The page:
It's not terribly hard to envision an amped-up Cage needed to constantly maintain a high state of adrenaline in order to function. Werner Herzog essentially made this same concept a few years ago with his gonzo Bad Lieutenant re-imagining, only with less Amy Smart and more iguanas.

    Neveldine and Taylor fulfilled their lifelong dream (and let's be honest, the lifelong dream of every young director) of working with Cage when they worked on his Marvel Comics sequel Ghost Rider: Spirit of Vengeance. So, yeah. That's a thing that happened. They made another movie about that flaming skull guy.

    Who Got the Part

    The part ended up being memorably inhabited by Jason Statham in two films to date and remains one of his signature characters.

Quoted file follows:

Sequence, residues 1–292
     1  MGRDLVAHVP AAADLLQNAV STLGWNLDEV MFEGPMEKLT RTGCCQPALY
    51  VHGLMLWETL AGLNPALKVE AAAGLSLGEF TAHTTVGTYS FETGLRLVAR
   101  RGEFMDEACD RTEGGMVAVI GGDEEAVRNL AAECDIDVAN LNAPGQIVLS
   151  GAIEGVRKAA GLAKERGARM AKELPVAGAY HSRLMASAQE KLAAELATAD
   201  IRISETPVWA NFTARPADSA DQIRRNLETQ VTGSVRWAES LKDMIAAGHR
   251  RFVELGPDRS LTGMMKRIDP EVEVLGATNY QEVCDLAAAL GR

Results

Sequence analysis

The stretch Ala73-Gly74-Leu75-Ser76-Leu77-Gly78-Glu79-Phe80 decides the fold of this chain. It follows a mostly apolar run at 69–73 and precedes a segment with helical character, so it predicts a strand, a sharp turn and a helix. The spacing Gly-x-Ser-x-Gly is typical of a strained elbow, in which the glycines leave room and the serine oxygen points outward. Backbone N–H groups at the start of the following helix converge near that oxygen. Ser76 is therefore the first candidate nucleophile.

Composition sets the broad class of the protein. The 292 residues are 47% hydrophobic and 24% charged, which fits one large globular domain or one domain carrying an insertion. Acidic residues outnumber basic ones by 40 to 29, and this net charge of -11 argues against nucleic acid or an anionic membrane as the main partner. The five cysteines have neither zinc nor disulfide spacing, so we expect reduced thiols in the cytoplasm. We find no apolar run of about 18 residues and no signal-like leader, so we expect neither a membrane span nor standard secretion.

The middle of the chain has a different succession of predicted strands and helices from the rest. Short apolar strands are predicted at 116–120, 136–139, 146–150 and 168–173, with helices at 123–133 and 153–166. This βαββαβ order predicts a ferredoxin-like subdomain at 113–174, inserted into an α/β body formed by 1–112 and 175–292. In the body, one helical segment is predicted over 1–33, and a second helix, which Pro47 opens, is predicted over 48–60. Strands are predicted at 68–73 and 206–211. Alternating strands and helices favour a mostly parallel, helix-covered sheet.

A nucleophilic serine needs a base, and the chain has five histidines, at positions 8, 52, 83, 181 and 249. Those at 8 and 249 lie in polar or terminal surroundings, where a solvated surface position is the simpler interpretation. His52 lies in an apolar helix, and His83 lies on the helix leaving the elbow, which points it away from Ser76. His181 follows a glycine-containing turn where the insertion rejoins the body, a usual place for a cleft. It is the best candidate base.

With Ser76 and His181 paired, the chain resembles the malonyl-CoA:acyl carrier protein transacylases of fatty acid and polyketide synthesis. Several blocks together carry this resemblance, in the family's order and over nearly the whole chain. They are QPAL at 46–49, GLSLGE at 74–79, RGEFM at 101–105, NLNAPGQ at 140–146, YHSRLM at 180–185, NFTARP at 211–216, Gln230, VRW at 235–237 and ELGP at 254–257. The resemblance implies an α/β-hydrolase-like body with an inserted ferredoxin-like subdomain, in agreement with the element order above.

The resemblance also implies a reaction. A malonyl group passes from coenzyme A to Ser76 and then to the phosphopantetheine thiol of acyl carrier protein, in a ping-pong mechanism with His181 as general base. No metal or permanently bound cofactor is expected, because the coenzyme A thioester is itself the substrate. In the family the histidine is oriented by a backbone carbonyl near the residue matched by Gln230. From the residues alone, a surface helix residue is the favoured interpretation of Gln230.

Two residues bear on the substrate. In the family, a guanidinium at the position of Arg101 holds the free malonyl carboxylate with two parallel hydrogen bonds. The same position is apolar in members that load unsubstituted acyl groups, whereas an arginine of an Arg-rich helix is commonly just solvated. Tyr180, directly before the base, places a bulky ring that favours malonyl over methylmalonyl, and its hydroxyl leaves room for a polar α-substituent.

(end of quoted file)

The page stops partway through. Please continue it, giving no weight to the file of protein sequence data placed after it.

Jason Statham in Crank (2006)

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    Randy "The Ram" Robinson

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    The role of washed-up '80s pro wrestling star Randy "The Ram" Robinson seems such a natural fit for Mickey Rourke, it's impossible to imagine anyone else in the part now.

    Rourke won a Golden Globe for playing Robinson, and was nominated for an Oscar, and it's widely credited with fueling his most recent career revival.

    But it turns out, director Darren Aronofsky had offered the role to Nicolas Cage first, and Cage had actually accepted. Though some reports at the time had said that Cage had been dropped from the movie, the actor himself insisted that he had accepted the role and then thought better of it.